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Canadian Building Digest

CBD-225. Evaluation and Repair of Deteriorated Garage Floors

Originally published July 1982.

G.G. Litvan

In the past, the potential for corrosion in indoor parking garages has not been sufficiently appreciated and construction techniques were utilized that did not give adequate protection against this. Consequently, major repairs became necessary, often after only a few years of service. The causes of deterioration were the subject of a previous CBD, while the present Digest describes the methods used for the assessment of damages and how these tests can aid in the selection of the repair method.


In order to arrive at the best and most economical repair strategy, a thorough examination of the garage is indispensable. This task should be handled by an independent consultant experienced in garage repairs rather than relying on the opinion of a contractor in selection of the repair technique. Contractors who specialize in a particular type of repair, may focus their attention on aspects of their specialty, and perhaps underestimate the importance of defects falling outside their field. As a result, their report might lack proper balance.

Visual inspection

A visual survey, if done by an expert, is the key element in the evaluation process. The first objective is to detect possible structural defects, cracks in the deck, the conditions of beams and columns, and to decide whether consultation with a structural engineer is necessary. Beyond that, an expert will advise whether the structure can carry additional load in the form of overlay if such a mode of repair is contemplated.

Another purpose of the survey is to identify as accurately as possible the cause of deterioration. Conclusions can be reached on the basis of these observations, such as the quality of concrete, the depth of cover over the reinforcing bars, the type and extent of the damages, etc.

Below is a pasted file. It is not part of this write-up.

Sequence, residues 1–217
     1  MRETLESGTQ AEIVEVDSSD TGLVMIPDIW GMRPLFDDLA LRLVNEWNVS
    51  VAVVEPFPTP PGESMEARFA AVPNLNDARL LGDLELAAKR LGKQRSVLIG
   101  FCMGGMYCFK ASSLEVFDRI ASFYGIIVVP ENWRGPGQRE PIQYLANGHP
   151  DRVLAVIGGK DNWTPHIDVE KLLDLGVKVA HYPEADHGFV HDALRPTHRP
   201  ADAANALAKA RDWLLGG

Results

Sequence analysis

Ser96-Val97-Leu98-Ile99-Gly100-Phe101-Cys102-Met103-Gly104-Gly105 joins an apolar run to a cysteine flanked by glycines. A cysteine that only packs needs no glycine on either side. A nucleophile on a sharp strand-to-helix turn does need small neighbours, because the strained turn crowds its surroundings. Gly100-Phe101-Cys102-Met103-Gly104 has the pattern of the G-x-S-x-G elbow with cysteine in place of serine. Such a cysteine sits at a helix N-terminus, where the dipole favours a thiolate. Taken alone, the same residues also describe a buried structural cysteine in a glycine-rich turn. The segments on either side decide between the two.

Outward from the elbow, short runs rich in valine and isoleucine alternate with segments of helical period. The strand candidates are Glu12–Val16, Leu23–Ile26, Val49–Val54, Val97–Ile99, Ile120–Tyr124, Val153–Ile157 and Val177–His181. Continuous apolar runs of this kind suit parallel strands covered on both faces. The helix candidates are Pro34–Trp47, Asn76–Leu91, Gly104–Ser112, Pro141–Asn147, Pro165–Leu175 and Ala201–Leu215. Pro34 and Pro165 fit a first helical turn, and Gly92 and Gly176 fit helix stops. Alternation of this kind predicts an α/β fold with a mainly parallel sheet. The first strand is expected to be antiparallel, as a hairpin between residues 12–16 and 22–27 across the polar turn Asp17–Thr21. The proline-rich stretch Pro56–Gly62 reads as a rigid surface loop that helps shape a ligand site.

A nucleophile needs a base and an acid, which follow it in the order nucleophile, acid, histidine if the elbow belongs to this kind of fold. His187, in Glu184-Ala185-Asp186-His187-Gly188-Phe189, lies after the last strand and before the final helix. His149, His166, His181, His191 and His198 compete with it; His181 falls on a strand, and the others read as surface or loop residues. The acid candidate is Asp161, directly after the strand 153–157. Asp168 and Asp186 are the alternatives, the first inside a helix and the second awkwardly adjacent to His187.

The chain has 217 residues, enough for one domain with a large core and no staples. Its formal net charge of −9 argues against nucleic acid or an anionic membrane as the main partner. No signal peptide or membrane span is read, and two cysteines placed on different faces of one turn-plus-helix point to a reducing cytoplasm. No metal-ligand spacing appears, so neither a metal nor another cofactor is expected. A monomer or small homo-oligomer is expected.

The location of defects, including those found on the underside of the slab, should be marked on the site plan. Normally, the degree of scaling is expressed in terms of depth, as follows:

light scaling 0 to 5 mm
medium scaling 5 to 10 mm
heavy scaling 10 to 25 mm
severe scaling over 25 mm

Cracks are classified according to their widths:

hairline (H) less than 0.1 mm
narrow (N) 0.1 to 0.3 mm
medium (M) 0.3 to 0.7 mm
wide (W) greater than 0.7 mm

Because the edges tend to break off, cracks appear wider at the surface level than below it. This difficulty is overcome by reporting the crack width at a depth 5 mm below the surface.

If the deck is covered with a wearing course, such as asphalt, the condition of the concrete must be assessed from signs of deterioration, such as rust stains, cracks, water spots and efflorescence, on the underside of the slab.

The distance between floor drains should be noted, as well as the condition of the drain pipes, the effectiveness of the slopes and the likelihood of puddle formation.